A Tiger in Your Tank?Those of us with a bit of age on us well remember the Standard Oil commercials with the tiger urging us all to "put a tiger in our tank," meaning of course, that the gas sold by them was powerful, and similar to placing a huge beast in your gas tank. I remember even getting free fake tiger tails to place on the gas tank cap. Remember, gas tank caps were exposed then, and it became common to see cars with tiger tails flopping around the filler caps of their gas tanks. The Esso Tiger
Esso Tiger - Orange jungle cat with black stripes who represented Esso Oil
in the mid-1960s with his trademark catchphrase "Put a tiger in your tank"
(created by Chicago copywriter Emery Smith).
From a humble beginning in Norway to the recognition he enjoys
today, it's been a long journey for one of the world's most
famous tigers. Esso's identification with the big cat dates back
to the early part of the 20th century when leaping tiger emblems
appeared on Esso Norway roadside gasoline pumps.
The tiger's next stop was in England in 1930. An ad was placed in
a 1936 issue of the Daily Mail newspaper showing a tiger on the
prowl for Esso Ethyl Motor Oil. Although popular, this ad was
halted by the outbreak of World War Two when all branding and
advertising of petrol stopped. The oil companies produced only
"generic" petrol during the war.
In 1953, Exxon (now known as ExxonMobil) the American parent
company of Esso, launched an intensive campaign, resurrecting the
1930's tiger. The success of the ads persuaded several European
affiliates to follow during the 1950's. Following on from this,
in 1959, an advertising agency in Chicago was asked by Exxon to
create an advertisement to boost sales of its petrol. They came
up with the phrase "Put a tiger in your tank". This was to become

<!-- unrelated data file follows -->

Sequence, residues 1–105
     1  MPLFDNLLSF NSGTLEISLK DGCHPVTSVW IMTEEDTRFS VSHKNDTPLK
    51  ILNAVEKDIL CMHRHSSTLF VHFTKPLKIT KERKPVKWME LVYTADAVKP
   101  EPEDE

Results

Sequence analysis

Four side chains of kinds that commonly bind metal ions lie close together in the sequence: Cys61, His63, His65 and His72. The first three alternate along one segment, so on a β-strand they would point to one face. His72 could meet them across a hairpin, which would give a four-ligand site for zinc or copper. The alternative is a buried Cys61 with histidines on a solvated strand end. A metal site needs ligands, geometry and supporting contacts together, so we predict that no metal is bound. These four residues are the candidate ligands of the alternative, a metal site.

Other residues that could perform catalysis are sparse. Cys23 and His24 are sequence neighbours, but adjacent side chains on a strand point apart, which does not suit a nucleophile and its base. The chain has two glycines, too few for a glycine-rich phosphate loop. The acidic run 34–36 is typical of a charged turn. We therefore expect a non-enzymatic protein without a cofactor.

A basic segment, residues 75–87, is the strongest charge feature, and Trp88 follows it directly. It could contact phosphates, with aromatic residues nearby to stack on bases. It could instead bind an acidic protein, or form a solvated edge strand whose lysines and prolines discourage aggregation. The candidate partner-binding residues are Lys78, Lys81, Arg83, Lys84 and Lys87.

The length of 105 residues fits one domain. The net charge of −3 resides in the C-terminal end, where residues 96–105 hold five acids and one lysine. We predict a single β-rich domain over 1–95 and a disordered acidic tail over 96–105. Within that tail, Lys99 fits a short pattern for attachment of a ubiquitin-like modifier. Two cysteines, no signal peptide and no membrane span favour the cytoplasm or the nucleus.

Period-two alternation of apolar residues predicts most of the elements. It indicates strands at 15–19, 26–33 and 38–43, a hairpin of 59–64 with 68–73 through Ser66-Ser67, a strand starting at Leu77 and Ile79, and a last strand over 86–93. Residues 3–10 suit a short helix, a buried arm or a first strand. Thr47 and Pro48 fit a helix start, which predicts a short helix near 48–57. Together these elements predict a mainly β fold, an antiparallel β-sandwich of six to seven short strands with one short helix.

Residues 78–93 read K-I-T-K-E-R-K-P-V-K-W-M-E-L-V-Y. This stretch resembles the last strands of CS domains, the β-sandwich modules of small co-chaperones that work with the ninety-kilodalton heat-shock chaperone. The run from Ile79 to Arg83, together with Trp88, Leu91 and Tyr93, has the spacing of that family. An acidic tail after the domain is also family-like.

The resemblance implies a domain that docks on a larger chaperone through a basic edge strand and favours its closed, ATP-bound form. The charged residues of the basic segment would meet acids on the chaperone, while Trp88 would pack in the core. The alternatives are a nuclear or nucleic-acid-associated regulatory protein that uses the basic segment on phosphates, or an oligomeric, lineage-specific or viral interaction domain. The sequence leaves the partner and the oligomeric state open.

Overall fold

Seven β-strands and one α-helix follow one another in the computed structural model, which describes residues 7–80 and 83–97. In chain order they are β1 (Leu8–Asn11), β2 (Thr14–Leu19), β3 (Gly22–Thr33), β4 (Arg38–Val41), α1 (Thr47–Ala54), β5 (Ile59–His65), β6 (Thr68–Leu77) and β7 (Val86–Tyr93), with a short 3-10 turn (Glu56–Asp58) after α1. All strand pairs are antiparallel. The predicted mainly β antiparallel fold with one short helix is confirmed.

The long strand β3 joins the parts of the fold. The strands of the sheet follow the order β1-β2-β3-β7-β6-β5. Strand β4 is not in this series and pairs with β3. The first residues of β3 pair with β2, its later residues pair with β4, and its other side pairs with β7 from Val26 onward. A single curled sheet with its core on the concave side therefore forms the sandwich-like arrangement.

the cornerstone of one of Exxon's most successful advertising
In 1964, the cartoon tiger was introduced and with the slogan
"Put a tiger in your tank" proceeded to capture consumers' hearts
and imaginations. While the tiger was perceived as friendly and
loveable, he also conveyed an impression of power and strength,
which proved to be a winning combination. Sales soared.
The success of the ad campaign prompted Time magazine
to proclaim 1964 as "The Year of the Tiger along Madison Avenue.
The cartoon tiger's popularity was not limited to America . Within
a year he could be found throughout Europe, Australia and the Far
East . However, the 1970's Middle East oil embargo brought the
live tiger back. With the embargo, serious issues emerged more
suitably addressed by the live tiger. Advertising campaigns were
redesigned and it was decided that the time was right to bring
back the fearlessness and strength suggested by the live tiger.
Since the live tiger appeared on British television in 1975, it
has co-existed with the cartoon tiger in most of Exxon's
worldwide markets, promoting products and communication on a wide
variety of topics.
The Esso Tiger was retired in the late 1960s but resurrected in 1972
when Esso changed its name to Exxon. Their ad slogan stated,
We're changing our name, but not our stripes!
In 1982, Exxon featured the live tiger in the United States , and
recently he leapt into the computer age in television commercials
featuring a moving car that turns into a running tiger. Esso Esso is an international trade name for Exxon Mobil Corporation and its related companies. Pronounced S-O, it is derived from the name of the pre-1911 Standard Oil Company, and as such became the focus of much litigation and regulatory restriction in the United States . In 1973, it was largel...